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Jan 1, 2014

Looking back and ahead in translation

This time the old year went without a bang or whimpers from the dogs, for which I was grateful. The years since I moved to Europe have been too filled with fireworks and stress for pets at this time of year, and it was nice to walk my friends in foggy silence shortly before midnight, play a bit in a quiet park, hear a few distant fireworks for about ten minutes, then enjoy a peaceful walk home.

The past year had many surprises, personal and professional. Most were pleasant I would say, though cumulatively they were often exhausting. It has been a long time since I learned a new language, and the process is more gradual than I remembered it. In 2013 I continued my re-thinking of approaches to teaching and work and began to use combinations of media that were largely new to me, with mostly satisfying results. I expect that will continue.

The new year has also started with new work equipment and an anticipated new approach to application management. For more than a decade I have worked primarily on laptop computers, which have followed me many places. I have been very fortunate to experience few hardware failures in all that time, but the limitations of the hardware became a serious irritant as I began to work more with video and extreme data scenarios with my translation support tools. Questions from friends with similar data concerns who spend a lot of time travelling and the example of a few associates who use sophisticated remote access strategies for computing have led me to consider a more powerful system - including 32 GB RAM, several SSD drives and caching on a RAM disk - configured for secure access from anywhere. Combined with an increased use of certain online resources, my relationship with information technologies is probably experiencing its greatest (and hopefully most productive) changes in a long time. The ultimate goal is greater simplicity so that more thought can be devoted to the work I enjoy with less effort required to prepare for it.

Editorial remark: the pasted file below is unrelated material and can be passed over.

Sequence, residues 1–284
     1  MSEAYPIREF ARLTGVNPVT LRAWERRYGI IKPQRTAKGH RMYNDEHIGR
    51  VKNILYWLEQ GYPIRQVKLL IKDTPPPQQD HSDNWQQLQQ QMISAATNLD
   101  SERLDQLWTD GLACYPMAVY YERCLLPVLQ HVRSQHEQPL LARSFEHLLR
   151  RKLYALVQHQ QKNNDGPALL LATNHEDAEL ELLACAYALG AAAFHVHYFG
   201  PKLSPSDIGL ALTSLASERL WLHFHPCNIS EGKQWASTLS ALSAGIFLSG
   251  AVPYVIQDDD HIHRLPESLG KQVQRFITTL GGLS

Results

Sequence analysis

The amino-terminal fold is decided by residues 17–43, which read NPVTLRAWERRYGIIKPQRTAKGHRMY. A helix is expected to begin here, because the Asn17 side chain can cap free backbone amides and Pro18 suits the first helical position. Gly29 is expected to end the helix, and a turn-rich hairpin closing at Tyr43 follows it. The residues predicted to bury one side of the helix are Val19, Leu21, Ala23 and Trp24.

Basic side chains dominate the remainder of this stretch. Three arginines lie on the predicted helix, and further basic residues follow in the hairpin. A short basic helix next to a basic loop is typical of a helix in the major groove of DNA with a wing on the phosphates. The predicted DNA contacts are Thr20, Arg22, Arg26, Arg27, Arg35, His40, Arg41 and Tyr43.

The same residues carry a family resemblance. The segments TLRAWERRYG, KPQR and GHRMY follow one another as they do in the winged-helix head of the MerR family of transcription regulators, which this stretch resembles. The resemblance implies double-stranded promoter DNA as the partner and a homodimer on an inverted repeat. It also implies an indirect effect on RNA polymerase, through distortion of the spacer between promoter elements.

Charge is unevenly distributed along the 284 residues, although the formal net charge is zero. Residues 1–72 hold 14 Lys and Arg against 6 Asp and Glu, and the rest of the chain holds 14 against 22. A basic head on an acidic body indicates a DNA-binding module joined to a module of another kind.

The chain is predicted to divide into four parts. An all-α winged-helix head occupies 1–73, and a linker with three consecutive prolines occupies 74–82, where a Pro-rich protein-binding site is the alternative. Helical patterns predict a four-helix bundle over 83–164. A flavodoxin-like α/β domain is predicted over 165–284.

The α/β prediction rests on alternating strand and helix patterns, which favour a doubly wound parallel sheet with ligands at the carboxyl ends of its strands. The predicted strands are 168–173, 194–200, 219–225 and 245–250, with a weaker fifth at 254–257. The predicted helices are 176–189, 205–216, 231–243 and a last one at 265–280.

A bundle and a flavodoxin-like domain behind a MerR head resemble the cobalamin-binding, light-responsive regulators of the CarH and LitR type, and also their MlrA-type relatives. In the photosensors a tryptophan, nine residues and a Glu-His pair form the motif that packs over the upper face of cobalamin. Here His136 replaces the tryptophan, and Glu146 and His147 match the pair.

Toward the end of last year, Translation Tribulations also passed the million visit mark. One would think that after five years of blogging I would have a better grip on some important technical aspects, but technology is a fragile, evolving thing, and solutions today are too often tomorrow´s cumbersome scrap. The convenient Google search function I gratefully implemented about a year ago as an alternative to my chaotic tag cloud broke recently; this seems to happen very often to add-ons for this blogging platform. And I still waste far too much time dealing with spam comments. But the exchange of ideas over the years far outweighs the inconveniences, and I´m surprised and pleased that the blog has proved to be my own most useful reference for solving work-related problems with translation technology. Often someone will ask me a question beyond what I know, and when I start to research the answer I´ll find it in my own past words here somewhere. One of the best blogs I know started as a personal study guide for an exam, so I probably should not be so surprised to find that mine helps me prepare for the endless tests of complex translation workflows.

Many thanks to all those who have contributed to the ideas and discussions here in the past, and I look forward to the fun and learning of future exchanges! In 2014 I´ll continue to look at ways to work more effectively alone or in teams with a mix of preferred tools and methods and try to find a better balance for many things.

1 comment:

  1. A very Happy New Year to you Kevin. I really enjoy your blog and am looking forward to many more insightful and critical posts.

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